In the underbrush, Miranda army-crawled to two other figures lying on the ground, Em and Lucian. "We wait for them to move out, then follow the lights. I can still salvage a story out of this!" she urged, numb with shock.

"Miranda! Are you crazy! They're combing the woods!"

"So we wait until they move out! We can't just stay here! We have to know what's happening!" A series of gunshots and screams punctured her words.

"You can piece together the story afterwards!" Em hissed. "Not if you're dead. Now, we hide out in the woods and try not to get shot." Miranda started shivering, and quickly conceded.

"Now, onto the real problem-there's dog poo on my shoe!"

Lucian quickly raised his light, and ignoring Miranda's hissed, "No! They'll see you!" he shone it on her foot.

Unfortunately, the light attracted attention, but luckily, it was civilian attention. Another tribesman quickly joined the three, and they began hunting for other civilians to lead away from danger.

After a horrifyingly long time of hiding in the woods, ducking away from flashlights, avoiding hostile forces from both sides, they were lying on the ground again, and Miranda had a moment to think. What were their options? Getting their souls ripped out and fed to a machine of evil, being shot by the Vedette society...

Suddenly, she remembered they had a ship in orbit, and all they needed was a transmitter to request teleportation off of this hell-hole. Some people could survive after all.

She explained her plan in low voice to her friends, but they looked at her as if she were insane. Below, the Kr and the Vedettes faced off, then the soldiers retreated, leaving the Kr surrounding a fallen figure.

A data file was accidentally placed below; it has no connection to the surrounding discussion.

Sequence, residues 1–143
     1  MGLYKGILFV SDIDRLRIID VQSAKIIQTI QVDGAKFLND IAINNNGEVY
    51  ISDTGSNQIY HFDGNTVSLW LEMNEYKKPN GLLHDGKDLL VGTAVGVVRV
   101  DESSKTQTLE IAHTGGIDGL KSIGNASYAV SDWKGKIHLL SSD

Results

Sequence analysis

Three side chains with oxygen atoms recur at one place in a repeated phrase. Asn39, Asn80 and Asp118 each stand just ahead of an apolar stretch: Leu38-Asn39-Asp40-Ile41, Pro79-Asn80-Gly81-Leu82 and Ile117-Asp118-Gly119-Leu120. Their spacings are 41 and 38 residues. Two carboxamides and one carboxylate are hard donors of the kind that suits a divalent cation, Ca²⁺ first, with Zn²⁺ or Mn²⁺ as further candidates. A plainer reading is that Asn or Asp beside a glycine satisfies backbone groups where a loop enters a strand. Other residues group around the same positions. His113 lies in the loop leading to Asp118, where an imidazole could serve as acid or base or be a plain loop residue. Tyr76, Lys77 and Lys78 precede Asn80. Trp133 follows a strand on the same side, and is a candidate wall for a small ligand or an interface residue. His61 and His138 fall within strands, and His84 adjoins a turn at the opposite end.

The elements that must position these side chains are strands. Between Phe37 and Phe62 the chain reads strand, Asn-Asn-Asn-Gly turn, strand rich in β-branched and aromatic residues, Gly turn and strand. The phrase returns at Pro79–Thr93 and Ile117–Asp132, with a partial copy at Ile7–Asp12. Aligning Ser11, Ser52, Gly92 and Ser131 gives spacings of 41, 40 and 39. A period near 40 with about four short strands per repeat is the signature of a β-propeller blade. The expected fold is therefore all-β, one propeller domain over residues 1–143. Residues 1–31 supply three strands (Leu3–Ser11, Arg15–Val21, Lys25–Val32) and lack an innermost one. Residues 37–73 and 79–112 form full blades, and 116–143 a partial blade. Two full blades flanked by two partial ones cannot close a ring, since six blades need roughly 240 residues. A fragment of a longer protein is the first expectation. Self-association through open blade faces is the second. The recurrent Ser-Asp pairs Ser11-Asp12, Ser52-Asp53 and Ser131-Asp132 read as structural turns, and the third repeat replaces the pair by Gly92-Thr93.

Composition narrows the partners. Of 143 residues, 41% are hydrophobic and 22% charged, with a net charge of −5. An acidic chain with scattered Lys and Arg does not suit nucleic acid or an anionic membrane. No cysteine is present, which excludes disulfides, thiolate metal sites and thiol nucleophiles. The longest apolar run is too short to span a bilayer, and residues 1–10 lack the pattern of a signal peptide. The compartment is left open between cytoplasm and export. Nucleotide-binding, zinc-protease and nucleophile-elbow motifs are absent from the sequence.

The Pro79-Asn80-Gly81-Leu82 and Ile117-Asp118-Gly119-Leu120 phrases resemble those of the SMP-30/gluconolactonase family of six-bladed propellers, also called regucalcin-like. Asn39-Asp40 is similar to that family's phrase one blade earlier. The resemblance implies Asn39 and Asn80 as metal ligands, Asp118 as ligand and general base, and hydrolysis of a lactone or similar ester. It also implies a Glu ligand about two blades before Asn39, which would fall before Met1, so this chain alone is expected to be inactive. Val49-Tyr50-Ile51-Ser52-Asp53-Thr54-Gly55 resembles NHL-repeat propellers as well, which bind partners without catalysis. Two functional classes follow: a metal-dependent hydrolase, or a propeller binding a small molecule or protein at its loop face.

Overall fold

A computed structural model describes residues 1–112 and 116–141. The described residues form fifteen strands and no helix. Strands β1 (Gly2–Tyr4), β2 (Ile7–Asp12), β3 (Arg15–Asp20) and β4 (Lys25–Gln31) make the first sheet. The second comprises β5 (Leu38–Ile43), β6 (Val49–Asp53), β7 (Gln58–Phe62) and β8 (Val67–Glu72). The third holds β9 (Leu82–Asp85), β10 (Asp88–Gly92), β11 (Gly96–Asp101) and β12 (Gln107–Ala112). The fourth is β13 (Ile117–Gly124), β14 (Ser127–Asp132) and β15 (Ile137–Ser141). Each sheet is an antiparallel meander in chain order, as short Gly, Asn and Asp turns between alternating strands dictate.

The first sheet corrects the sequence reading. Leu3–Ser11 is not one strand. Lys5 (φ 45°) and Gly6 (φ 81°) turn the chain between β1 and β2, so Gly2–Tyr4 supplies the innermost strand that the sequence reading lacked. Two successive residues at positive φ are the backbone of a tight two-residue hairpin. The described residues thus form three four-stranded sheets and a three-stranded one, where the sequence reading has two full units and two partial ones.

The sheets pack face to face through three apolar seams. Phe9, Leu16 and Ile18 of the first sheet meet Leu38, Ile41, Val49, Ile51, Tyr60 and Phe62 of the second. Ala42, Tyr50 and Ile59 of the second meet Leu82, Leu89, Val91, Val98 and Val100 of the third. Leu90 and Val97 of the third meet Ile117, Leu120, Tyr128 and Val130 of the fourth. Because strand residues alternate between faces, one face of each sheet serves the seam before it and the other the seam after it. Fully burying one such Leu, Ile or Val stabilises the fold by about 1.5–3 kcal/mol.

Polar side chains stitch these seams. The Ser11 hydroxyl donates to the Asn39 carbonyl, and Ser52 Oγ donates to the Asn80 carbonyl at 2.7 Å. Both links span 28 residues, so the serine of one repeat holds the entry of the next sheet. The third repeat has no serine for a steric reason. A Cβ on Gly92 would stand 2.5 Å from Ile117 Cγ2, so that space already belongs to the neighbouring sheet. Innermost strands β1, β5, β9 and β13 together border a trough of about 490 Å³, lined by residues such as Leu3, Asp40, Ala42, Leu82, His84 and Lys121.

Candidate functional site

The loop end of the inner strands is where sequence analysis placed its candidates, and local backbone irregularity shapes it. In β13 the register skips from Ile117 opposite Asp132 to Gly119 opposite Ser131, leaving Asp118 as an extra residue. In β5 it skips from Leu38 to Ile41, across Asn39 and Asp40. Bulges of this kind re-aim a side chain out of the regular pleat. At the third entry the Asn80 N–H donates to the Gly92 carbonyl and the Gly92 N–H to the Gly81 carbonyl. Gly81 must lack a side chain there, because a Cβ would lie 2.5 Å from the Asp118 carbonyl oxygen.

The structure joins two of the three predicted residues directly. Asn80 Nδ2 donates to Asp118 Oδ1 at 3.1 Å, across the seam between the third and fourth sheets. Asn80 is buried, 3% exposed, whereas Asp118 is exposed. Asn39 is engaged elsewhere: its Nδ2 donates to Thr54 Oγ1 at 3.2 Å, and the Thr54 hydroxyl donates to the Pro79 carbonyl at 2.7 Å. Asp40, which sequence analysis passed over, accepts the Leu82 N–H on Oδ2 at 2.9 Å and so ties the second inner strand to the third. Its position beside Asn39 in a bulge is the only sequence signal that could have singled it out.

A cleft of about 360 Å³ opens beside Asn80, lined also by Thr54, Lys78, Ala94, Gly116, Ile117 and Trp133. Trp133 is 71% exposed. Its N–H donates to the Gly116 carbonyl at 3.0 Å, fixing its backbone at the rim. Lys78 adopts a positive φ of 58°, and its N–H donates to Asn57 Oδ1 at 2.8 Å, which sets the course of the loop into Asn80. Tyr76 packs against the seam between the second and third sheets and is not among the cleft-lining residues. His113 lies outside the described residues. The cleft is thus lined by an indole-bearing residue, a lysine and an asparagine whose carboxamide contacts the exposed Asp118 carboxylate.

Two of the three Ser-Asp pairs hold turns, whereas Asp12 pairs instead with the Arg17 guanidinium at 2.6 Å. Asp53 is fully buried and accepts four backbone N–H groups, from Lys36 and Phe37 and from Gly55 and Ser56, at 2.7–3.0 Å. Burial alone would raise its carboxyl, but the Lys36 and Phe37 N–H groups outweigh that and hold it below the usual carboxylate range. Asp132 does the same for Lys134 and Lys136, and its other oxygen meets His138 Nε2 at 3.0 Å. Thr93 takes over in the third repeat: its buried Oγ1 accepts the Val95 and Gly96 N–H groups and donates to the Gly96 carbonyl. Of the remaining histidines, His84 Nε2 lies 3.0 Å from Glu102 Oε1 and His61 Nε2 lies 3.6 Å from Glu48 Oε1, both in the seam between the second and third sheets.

"This could be a fallen Vedette," Miranda hissed. "This is our change to get a transmitter."

"No!" Em cried, but it was too late. Miranda was already sprinting down the hill, waving her flashlight and screaming, in an insane attempt to scare the Kr away from the fallen figure. Unfortunately, the Kr had flashlights of their own, and were not scared by her technology. No, instead, they just looked rather hungry...

"Wait!" she begged. "If you let me go to the Vedettes, I can grab the transmitter, and get more people from the ship! More human souls!"

"More human souls?" one of the creatures hissed. Miranda thought she recognized the reanimated body of one of the tribesmen. "I like the sound of that." She tried not to retch at the disgusting demon voice, but instead hurried to the fallen figure but it was only one of the Kr. She dropped her head in her hands. Her plan, everything, was gone to ruin, and she would die for naught.